May 23rd 2022

 

23 de Maio de 2022

 

 
 

EARA News Digest 2022 - Week 21

Welcome to your Monday morning update, from EARA, on the latest news in biomedical science, policy and openness on animal research. 

Detecting cancerous cells during surgery

new imaging method has been developed, using mice, to allow surgeons to identify breast cancer cells more accurately.

The researchers from the University of Illinois at Chicago, USA, developed a probe which can detect cancerous cells while surgery is taking place. 

Detecting cancerous cells in breast tumour margins can be difficult and it is reported that around 20% of breast cancer surgeries require a second operation, to completely remove cancer cells.

The probe, can selectively illuminate breast cancer cells under near-infrared light and consists of a fluorescent dye and a peptide (p28), known to enter human breast cancer cells.

"Because p28 preferentially penetrates various types of human cancer cells, we anticipate that our imaging approach can be applied to additional cancer types.", said Tohru Yamada co-author of the study.

 

 

Approval for non-animal eye irritation tests

The Organisation for Economic Co-operation and Development (OECD) has approved a new test guideline (TG) which offers a non-animal alternative for the assessment of eye irritation/serious eye damage.
 
The new TG for defined approaches (DAs) for eye damage and eye irritation caused by liquids, due to be published this summer, will offer an alternative to the current Draize eye test on rabbits.
 
DAs describe a fixed way to interpret data from a defined set of information sources, including in vitro tests and computer models and are ‘designed to overcome some of the limitations of standalone individual test methods and to increase confidence in non-animal results’. 
 
The guideline follows on from last year's TG for skin sensitisation.

 

 

Heart muscle regeneration in salamanders

While the human heart has a very limited capacity to regenerate itself amphibians, such as salamanders, can easily regenerate their heart muscles.

In a study by researchers at the Karolinska Institute, Sweden, they found that the outermost layer of a salamander’s heart, called the epicardium, can act as a source of cardiac muscle cells to regenerate the heart.

This is an important discovery, as similar epicardial cells also exist in the human heart.

"This work establishes a new cellular and molecular paradigm for adult heart muscle regeneration and could offer new hope to millions of patients waiting for a heart transplant", said Professor Ken Chien, co-author of the study.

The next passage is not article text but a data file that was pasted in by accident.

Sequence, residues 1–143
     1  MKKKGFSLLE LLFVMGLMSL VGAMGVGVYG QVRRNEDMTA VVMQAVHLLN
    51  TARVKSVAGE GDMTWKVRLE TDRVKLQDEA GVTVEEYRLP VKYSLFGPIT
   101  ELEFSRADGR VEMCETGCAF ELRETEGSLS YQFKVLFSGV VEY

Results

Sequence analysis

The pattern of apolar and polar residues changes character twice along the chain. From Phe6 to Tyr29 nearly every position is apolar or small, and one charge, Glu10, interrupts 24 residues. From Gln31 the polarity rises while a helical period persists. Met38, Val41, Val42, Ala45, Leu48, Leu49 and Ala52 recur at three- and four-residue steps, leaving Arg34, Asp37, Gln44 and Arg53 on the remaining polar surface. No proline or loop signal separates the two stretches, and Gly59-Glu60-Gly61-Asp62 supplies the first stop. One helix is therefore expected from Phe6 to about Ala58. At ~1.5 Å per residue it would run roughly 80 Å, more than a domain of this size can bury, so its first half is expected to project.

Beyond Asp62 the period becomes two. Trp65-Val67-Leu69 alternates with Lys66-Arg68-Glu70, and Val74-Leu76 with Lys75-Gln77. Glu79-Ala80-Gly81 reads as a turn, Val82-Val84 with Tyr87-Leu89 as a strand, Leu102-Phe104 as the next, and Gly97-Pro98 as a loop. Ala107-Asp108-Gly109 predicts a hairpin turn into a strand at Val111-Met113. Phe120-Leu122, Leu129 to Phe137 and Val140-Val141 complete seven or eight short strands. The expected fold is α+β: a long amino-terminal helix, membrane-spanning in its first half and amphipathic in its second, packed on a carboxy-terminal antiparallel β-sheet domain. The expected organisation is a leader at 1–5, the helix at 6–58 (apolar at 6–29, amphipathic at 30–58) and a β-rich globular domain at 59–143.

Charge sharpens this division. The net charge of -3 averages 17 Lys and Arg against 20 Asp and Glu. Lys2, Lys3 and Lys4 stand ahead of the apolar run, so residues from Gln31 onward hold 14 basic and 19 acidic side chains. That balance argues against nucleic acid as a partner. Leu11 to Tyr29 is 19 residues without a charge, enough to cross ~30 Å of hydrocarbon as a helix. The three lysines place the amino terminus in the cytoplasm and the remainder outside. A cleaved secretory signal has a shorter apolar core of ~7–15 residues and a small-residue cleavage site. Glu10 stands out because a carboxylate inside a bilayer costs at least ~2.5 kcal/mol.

Heart diseases are the leading cause of death worldwide.

 

 

Openness celebrated in the Netherlands

The successful Netherlands Open Week, which has showcased openness and transparency in animal research, should be an example  for other countries, said EARA executive director Kirk Leech.

In a series of events by signatories of the Dutch Transparency Agreement on Animal Testing public presentations, facility tours and media briefings highlighted the work of the biomedical sector to a wider audience.

- A public presentation by scientists (pictured) at EARA member Radboud University & Radboud UMC, in Nijmegen, to discuss their latest research, using animal models, was followed by a tour of the animal labs and facilities. EARA executive director, Kirk Leech, also gave a presentation on Global changes in communicating animal research.

- EARA member Charles River Laboratories (Den Bosch) hosted Lab Conversations, an event where the company welcomed the local companies, residents, politicians and the media, to discuss issues. An article on the visit then featured in a local paper.

- EARA member the Biomedical Primate Research Center, in Rijswijk, invited local journalists for a visit with a lecture, followed by a tour of the grounds. A newspaper article also appeared.

- Sportvisserij Nederland (Sport Fishing Netherlands), which carries out research on fish, also took part in Open Week and made a short film to show its work.

EARA executive director, Kirk Leech, said: “This is a great example of how to open up facilities to a wider audience and bring a greater understanding of the issues for the public.

"It would be great to see this type of initiative taken up by other Transparency Agreements across the world.”

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